Tropic Thunder: Jewface for Suckers?

Tropic Thunder: Jewface for Suckers?

Photo by Dave Gatley, U.S. Marine Corps

Heading into the first weekend of the fall season, Tropic Thunder remains #1 at the box office ($86.9 million so far). And with summer leftovers like Bangkok Dangerous, the new action vehicle for Nicholas Cage's hair extensions, opening today, Ben Stiller's hit comedy is likely to retain its top spot on Monday.

This side of the Dark Knight, Tropic Thunder was probably the most critically acclaimed movie of the summer, and many of those sensible critics who weren't fooled by the Batman hegemony were, by contrast, praising Stiller's film as "an imperfect work of genius" (Salon's Stephanie Zacharek) and "more instructive, more authentic, than any pop culture tribute Tarantino has ever done" (the New York Press's Armond White).

Tropic Thunder has been universally described as a satire of Hollywood vanity, but how deep does this satire run? The film ends with an evil movie producer (played by Tom Cruise in Jewface) and his preening actors (played by, among others, Stiller himself) triumphant at the Oscars and filthy rich because of it. Laugh all you want, but this is what used to be called laughing all the way to the bank. And really, how seriously can you take a critique of Hollywood that's joined at the hip with a comeback role for the biggest and most vacuous movie star of his generation? Pause for a moment to consider Cruise's strained relations these days with the suits—after all, it is the backstory to his performance—and then try to conclude that his expletive-loving schtick as Les Grossman is all in good fun.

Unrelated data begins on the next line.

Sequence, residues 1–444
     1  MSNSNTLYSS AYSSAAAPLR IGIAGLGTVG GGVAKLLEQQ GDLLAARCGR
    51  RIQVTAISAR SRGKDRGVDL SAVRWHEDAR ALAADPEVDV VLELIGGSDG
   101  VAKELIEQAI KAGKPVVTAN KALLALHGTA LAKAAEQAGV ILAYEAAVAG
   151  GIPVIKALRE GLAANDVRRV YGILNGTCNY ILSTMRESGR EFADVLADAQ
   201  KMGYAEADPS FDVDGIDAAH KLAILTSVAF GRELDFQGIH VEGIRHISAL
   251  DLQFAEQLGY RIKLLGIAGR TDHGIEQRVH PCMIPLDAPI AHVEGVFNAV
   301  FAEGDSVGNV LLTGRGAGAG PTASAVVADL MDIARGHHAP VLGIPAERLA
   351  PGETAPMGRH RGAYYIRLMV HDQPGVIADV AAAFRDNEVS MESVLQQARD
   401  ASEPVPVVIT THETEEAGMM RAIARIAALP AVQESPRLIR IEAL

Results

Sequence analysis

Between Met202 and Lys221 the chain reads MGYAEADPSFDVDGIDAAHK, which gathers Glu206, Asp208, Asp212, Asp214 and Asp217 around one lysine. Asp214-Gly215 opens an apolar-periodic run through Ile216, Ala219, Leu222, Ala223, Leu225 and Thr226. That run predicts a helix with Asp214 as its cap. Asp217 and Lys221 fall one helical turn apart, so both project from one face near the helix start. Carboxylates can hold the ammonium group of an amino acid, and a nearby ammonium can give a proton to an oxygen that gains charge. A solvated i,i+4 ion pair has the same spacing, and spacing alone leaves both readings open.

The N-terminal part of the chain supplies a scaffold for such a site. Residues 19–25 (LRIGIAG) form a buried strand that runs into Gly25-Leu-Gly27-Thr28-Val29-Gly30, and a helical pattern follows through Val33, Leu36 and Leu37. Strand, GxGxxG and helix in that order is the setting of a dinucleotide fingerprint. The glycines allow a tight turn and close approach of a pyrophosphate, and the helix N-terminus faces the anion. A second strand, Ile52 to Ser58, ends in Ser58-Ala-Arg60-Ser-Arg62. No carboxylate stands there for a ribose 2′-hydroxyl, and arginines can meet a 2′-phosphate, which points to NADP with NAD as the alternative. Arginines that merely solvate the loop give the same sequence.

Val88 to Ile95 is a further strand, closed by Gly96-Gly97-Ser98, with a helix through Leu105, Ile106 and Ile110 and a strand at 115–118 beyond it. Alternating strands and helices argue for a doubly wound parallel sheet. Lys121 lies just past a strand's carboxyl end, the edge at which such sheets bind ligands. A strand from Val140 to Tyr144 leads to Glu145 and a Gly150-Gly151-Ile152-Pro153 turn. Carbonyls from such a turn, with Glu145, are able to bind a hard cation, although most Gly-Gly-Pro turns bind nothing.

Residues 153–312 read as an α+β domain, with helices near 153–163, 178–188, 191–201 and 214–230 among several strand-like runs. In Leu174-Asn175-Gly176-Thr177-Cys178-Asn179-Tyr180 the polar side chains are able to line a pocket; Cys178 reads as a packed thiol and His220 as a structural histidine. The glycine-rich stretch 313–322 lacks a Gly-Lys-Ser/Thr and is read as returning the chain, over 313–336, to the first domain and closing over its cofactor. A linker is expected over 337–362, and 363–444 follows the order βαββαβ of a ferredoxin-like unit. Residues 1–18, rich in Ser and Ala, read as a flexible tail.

The New York Times's Manohla Dargis may have said it best, and most damningly, when she called Tropic Thunder "safe." While The Player (1991) is still the zenith of Hollywood takedowns, even its director, the late Robert Altman, was not so full of himself as Stiller & Co. as to believe he'd done more than scratch the surface. "What we show in The Player is a very, very soft indictment of Hollywood," Altman told an interviewer. "It’s just a funny conceit, that film, and the truth is much, much worse." —Benjamin Strong

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